When you hear “romance scam” you may think of a little old lady falling for the classic “Nigerian Prince” scam. But romance scams have become far more complex and difficult to recognize, adapting to today’s online dating landscape.
With the popularity of platforms like Match.com, Tinder, and Bumble, scammers have set their sights on these popular apps and even social media. In fact, consumers have lost $770 million to fraud scams started on social media in 2021, according to the Federal Trade Commission (FTC). In the first half of 2021, the FBI Internet Crime Complaint Center (IC3) received over 1,800 complaints related to online romance scams, resulting in losses of approximately $133.4 million.
Romance scams can be part of a much larger cybercriminal ecosystem. International cyber gangs will even use dating sites to recruit victims as “money mules” and use them to unknowingly launder funds, according to AARP.
If you have started a new online relationship, or if you’ve even been in one for several months, it’s important to look for any red flags.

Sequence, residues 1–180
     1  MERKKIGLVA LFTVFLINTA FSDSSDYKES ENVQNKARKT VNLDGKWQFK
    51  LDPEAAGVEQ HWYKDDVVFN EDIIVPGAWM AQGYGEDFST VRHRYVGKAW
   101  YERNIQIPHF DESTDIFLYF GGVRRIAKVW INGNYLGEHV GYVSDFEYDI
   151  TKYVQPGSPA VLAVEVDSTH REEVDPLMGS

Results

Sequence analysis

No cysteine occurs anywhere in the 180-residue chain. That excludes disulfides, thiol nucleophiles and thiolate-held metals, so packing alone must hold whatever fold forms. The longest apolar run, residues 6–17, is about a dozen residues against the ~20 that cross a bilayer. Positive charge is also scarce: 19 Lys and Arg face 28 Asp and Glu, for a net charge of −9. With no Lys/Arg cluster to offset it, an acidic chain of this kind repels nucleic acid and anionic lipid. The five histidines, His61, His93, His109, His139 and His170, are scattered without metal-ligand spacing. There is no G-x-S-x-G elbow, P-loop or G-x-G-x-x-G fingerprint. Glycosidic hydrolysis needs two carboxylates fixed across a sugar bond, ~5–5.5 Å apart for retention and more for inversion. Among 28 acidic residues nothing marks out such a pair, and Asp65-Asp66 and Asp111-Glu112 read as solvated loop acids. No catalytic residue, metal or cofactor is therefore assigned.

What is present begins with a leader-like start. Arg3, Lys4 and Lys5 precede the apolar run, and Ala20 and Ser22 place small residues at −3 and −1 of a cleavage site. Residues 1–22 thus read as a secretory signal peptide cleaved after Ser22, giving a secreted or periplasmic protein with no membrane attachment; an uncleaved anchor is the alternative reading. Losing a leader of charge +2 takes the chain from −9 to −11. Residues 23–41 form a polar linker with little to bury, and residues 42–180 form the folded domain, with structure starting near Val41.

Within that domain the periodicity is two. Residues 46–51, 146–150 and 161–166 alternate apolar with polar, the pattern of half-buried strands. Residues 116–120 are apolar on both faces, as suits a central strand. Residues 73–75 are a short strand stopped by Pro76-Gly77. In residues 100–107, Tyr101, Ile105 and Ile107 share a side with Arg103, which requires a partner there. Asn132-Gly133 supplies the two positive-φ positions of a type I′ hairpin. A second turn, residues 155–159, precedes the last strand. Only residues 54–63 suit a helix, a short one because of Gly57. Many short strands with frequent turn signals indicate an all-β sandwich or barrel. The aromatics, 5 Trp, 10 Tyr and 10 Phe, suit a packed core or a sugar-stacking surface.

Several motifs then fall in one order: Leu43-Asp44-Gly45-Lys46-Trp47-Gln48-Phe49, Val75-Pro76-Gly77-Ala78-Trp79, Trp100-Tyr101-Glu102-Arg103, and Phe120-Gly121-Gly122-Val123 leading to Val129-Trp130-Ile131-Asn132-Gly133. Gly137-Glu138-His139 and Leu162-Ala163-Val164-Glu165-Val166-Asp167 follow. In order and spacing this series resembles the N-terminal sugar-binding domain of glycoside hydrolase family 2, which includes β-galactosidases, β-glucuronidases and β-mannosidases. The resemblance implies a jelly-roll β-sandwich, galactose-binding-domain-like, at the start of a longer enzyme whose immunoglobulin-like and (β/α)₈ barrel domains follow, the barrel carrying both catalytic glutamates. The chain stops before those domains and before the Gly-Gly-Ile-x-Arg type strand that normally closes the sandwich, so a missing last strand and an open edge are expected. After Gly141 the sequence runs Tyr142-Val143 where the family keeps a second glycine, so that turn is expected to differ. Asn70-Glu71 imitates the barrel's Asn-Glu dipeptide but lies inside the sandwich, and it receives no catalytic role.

Some red flags may include:
- A request for money. A request for money is a major red flag of a scam. Scammers may pressure you into sending money for “urgent” matters, such as medical expenses. They may also say it’s for a plane ticket to visit you. Never send money to someone you haven’t met in person. Scammers may also ask for payment in the form of pre-loaded gift cards or wire transfers.
- Scammers may often make and break promises to come see you in person. They claim to live far away or overseas, or be in the military.
- The relationship is moving fast and the person professes love quickly.
- There’s pressure to move the conversation off the platform to a different site or want to continue the conversation through text. Dating platforms search for scammers on their sites. Scammers will want to move their victim off-platform to avoid any detection.
If you believe you’re the victim of a romance scam, it is important to take the following steps:
- Cease communications with the scammer immediately, and take note of any identifiable information you may have on the person, including email address.
- Contact your bank or credit card company if you’ve given a scammer money.
- File a police report with your local precinct.
- Report the scammer to the FTC at ftc.gov/complaint and the FBI at ic3.gov.
- Notify the website or app where you met the scammer.
Remember that romance scams can happen to anyone at any age, and falling for a scam is nothing to be ashamed of. By speaking out, reporting scams, and encouraging others to do the same, you can help protect yourself and others from becoming victims. For more information from the National Cybersecurity Alliance, visit staysafeonline.org/romance-scams.